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  1. #191
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    You don't need an ad to tell you formula is out there. Surely?

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  3. #192
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    That is not what I'm saying.
    If people see ads for formula they may be inclined to research the brands and types offered to help decide what may be best for them.

  4. #193
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    Quote Originally Posted by Alleyoop View Post
    That is not what I'm saying.
    If people see ads for formula they may be inclined to research the brands and types offered to help decide what may be best for them.
    Yep, so the ads that pay big bucks will sell more. You will think you've made an informed decision but really, you've been unknowingly manipulated into choosing the formula from the ad, and because the company paid big bucks for it, you'll probably pay more for it too so they can cover the costs of their exorbitant campaign.

    You don't need ads to do research, there's actually a website in Australia that compares all infant formulas.

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  6. #194
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    Couldn't the same be said for all advertising though? Why isn't it all banned? It can be readily argued Maccas ads may encourage child obesity, Wendy's ads encourage childhood tooth decay. I argue these products are much more detrimental than formula.

    It really reflects a nanny state mentality. I don't support that.

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    Amiedoll  (28-01-2015),Hasselhoff  (27-01-2015),HeavenBlue  (28-01-2015),peanutmonkey  (27-01-2015)

  8. #195
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    Quote Originally Posted by delirium View Post
    Couldn't the same be said for all advertising though? Why isn't it all banned? It can be readily argued Maccas ads may encourage child obesity, Wendy's ads encourage childhood tooth decay. I argue these products are much more detrimental than formula.

    It really reflects a nanny state mentality. I don't support that.
    Australia lags behind other countries in junk food advertising bans. If that means it is viewed as a nanny state then so be it. We have a massive childhood obesity problem.
    However, whilst advertising is powerful, I can choose what I feed my older kids. Do they get maccas occasionally? Yep. A baby doesn't have a choice on how it is fed.
    Last edited by BigRedV; 27-01-2015 at 18:55.

  9. #196
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    Default YOU (yes YOU!) need to watch this!

    So what if the big companies can afford it?

    What I don't get is.. Are their ads hurting you or the general public? Not at all. You can't say the ads themselves hurt the breastfeeding rates either. People choose to breastfeed and people choose or have no other option to formula feed.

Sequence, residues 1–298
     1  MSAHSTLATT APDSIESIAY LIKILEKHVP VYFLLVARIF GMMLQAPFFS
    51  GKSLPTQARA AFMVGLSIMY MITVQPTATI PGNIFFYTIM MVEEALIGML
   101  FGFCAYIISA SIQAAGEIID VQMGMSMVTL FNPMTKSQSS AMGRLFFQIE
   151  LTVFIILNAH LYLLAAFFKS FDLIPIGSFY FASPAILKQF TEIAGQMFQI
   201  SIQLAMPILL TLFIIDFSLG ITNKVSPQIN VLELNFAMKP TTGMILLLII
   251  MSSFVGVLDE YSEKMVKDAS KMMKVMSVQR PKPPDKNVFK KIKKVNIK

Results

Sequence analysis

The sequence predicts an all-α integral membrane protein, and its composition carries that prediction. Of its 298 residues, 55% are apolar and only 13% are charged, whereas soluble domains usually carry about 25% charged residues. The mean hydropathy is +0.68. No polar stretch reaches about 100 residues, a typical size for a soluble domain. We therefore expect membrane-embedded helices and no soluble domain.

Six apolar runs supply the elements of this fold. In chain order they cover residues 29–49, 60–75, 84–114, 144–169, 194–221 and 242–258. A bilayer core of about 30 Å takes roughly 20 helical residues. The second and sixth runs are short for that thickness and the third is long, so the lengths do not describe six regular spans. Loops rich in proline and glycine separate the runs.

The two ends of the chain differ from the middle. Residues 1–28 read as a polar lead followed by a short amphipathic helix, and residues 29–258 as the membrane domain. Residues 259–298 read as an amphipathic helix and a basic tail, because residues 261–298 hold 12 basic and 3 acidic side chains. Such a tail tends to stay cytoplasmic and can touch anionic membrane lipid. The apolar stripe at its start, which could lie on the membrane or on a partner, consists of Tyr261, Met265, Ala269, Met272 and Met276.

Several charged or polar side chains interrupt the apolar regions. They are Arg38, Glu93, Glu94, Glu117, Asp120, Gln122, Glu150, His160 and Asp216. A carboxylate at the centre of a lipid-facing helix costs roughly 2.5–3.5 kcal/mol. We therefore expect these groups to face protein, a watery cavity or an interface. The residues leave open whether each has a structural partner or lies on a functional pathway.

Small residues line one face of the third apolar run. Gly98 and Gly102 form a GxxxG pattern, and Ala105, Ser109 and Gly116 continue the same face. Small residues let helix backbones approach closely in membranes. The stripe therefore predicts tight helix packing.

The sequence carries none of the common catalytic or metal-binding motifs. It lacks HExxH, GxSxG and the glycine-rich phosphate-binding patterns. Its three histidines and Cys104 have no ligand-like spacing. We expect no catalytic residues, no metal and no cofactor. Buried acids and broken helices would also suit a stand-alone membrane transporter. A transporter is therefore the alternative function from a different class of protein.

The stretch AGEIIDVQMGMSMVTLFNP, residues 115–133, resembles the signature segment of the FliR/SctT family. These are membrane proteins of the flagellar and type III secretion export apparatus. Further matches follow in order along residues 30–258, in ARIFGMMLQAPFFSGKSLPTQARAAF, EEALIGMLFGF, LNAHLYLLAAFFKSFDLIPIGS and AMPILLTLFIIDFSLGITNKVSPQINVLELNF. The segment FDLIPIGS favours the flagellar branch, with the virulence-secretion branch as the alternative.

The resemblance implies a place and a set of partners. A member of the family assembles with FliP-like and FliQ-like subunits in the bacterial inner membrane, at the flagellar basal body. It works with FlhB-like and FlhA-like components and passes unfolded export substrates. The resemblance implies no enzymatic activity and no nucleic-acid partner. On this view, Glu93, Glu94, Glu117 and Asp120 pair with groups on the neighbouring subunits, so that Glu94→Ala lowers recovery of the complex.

As pp just said maccas and Wendy's can cause (can't say they actually do) a lot of health issues. Where is it written that formula is bad for a child?

    Some people may not know about a website that compares formulas. That's not the first thought, wasn't mine. When I was looking at formula I used bubhub and Google to decide. As well as family experiences. But seeing ads for formula didn't make me choose not to Breast feed?

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  11. #197
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    I'm sitting on the fence with this one. Every time I hear a conflicting opinion I change my mind on where I sit, so the fence sounds good to me for now.

    Can I ask what the website is that compares all available formulas? Or would that be the same as 'advertising' 😜

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    Exactly. People choose to use formula anyway. No need for advertising!

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  14. #199
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    Quote Originally Posted by BigRedV View Post
    Australia lags behind other countries in junk food advertising bans. If that means it is viewed as a nanny state then so be it. We have a massive childhood obesity problem.
    However, whilst advertising is powerful, I can choose what I feed my older kids. Do they get maccas occasionally? Yep. A baby doesn't have a choice on how it is fed.
    But if we can choose what to feed our older kids, even if it's junk (and you, like I use Maccas as a sometimes food so it's fine, but not everyone does) why can't I be trusted to feed my child a supplement that nutritionally fulfills all their requirements?

    I chose S26 for DD bc that's what my mum used for us kids, in fact all our family used it. I switched to S26 AR bc DS had reflux and then put him on Heinz because a mate had her son on it and it smelled like Carnation Milk rather than the slightly yucky S26 smell. So my choices were not governed at all by advertising. Even if they were... is that not my choice as a parent?


 

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